Today on the Sun:
Very quiet on the surface of the Sun today, just a small set of B-class flares. It appears the long duration flare on Wednesday rearranged the magnetic fields and reduced the potential for flares. All active regions have decayed, losing spots, size and magnetic complexity. AR2436 remains the largest and most complex region, but is now classified as Beta. The chances for big flares are low again today.
Don’t let the quiet sun fool you! SWPC has posted a G1 geomagnetic storm watch for today and tomorrow with G1 Aurora predicted for late on the 24th. The CME from the long duration flare should arrive this evening providing European and North American aurora hunters a good chance for northern lights. EPAM is showing a consistent rise in protons indicating the CME is getting closer:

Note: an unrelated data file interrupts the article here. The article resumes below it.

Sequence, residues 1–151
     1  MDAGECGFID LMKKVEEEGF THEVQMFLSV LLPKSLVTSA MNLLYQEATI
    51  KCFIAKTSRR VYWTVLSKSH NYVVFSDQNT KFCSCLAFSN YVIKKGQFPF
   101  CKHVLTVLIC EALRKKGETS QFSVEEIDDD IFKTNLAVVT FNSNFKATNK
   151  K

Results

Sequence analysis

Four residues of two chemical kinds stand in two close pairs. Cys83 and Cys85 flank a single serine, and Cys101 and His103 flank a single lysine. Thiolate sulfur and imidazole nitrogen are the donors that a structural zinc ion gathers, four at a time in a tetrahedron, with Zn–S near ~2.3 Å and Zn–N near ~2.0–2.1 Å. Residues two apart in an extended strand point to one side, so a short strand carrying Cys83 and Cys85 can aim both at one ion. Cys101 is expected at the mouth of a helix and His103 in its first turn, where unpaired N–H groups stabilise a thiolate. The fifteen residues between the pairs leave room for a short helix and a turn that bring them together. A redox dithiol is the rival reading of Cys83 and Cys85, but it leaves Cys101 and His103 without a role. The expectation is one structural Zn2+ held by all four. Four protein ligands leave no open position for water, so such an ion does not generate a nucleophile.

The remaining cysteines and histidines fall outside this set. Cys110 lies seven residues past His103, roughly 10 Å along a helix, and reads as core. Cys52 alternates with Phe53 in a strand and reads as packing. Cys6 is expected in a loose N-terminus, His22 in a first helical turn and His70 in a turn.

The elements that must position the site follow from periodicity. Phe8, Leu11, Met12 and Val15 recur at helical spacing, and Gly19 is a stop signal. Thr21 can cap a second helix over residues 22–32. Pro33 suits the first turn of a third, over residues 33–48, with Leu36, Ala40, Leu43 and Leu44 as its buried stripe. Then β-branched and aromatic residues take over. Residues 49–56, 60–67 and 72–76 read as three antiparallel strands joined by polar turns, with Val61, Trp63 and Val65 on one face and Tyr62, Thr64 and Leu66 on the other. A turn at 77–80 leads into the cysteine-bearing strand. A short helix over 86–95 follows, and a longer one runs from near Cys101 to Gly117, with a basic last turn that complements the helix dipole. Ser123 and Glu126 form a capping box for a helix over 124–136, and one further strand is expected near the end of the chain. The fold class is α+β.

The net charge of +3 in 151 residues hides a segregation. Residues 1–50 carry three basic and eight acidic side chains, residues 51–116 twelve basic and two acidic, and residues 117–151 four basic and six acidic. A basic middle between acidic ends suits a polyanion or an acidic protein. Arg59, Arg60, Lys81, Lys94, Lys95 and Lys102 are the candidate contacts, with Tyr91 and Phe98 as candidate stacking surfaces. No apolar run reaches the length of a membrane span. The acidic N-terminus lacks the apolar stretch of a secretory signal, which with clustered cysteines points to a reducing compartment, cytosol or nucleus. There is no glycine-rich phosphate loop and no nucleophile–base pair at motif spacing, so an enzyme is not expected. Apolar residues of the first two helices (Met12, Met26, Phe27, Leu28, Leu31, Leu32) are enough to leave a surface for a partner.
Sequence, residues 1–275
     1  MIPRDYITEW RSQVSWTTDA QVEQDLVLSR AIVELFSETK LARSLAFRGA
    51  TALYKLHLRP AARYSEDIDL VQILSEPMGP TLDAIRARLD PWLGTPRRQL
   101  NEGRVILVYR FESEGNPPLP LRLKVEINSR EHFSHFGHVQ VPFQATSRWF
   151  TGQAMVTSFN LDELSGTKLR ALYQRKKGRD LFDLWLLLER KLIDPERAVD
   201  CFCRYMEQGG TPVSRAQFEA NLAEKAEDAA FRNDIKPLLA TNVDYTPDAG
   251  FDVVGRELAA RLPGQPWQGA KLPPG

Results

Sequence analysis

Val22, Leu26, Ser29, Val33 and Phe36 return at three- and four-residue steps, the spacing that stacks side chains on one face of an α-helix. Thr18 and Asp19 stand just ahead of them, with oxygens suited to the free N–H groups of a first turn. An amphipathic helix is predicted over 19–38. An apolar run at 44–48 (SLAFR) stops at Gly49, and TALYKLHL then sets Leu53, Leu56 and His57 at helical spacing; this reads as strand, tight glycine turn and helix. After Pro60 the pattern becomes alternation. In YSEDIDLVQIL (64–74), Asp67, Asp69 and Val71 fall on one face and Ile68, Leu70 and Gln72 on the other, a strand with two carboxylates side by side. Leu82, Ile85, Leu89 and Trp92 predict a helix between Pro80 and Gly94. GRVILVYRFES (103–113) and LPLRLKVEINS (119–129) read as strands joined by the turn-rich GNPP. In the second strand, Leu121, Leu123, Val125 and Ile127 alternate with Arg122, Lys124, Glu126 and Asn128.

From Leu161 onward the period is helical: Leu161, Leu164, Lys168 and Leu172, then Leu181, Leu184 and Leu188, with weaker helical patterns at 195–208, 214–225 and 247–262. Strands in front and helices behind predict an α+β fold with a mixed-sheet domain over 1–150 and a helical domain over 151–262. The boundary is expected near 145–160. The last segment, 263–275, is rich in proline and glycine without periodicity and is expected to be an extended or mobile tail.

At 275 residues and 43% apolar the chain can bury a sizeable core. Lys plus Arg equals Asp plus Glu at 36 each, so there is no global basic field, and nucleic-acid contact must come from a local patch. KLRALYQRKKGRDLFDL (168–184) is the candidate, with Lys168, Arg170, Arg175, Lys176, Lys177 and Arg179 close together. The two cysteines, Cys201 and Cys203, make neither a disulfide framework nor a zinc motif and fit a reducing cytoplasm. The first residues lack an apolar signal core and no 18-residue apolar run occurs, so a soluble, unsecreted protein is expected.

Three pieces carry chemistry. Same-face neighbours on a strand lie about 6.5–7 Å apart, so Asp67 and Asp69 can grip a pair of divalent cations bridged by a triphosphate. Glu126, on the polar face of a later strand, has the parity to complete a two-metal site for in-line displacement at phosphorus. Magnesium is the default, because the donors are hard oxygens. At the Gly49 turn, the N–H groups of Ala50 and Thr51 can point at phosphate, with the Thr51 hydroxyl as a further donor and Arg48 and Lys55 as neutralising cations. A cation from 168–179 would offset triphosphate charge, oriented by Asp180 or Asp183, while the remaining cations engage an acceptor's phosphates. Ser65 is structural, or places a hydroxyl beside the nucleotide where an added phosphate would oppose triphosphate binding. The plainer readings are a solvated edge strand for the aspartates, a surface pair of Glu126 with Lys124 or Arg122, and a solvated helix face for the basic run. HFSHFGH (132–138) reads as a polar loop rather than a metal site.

When the CME arrives, expect the KP to increase as the Earth’s magnetic fields respond. As KP goes up, the aurora will be visible at lower latitudes. You can monitor the KP live on our currnet live KP charts page. In the US, clear skies are expected on the eastern-most tip of Maine and through the middle of the country. In this map, the best viewing will be in the deep blue areas.
This day in 2003:
Active regions 484 and 486 continue to be large complex beta-gamma-delta regions producing strong flares. 484 produced and M1 flare, and 486 produced an M7 flare. The previous day’s X-class flares produced a large fast CME, but is was directed to the East (ahead) of Earth and did not produce aurora. The CME shock from the flares two days earlier arrived and produced a period severe storming. Many people saw the aurora, this would foreshadow much stronger stormed for just a week later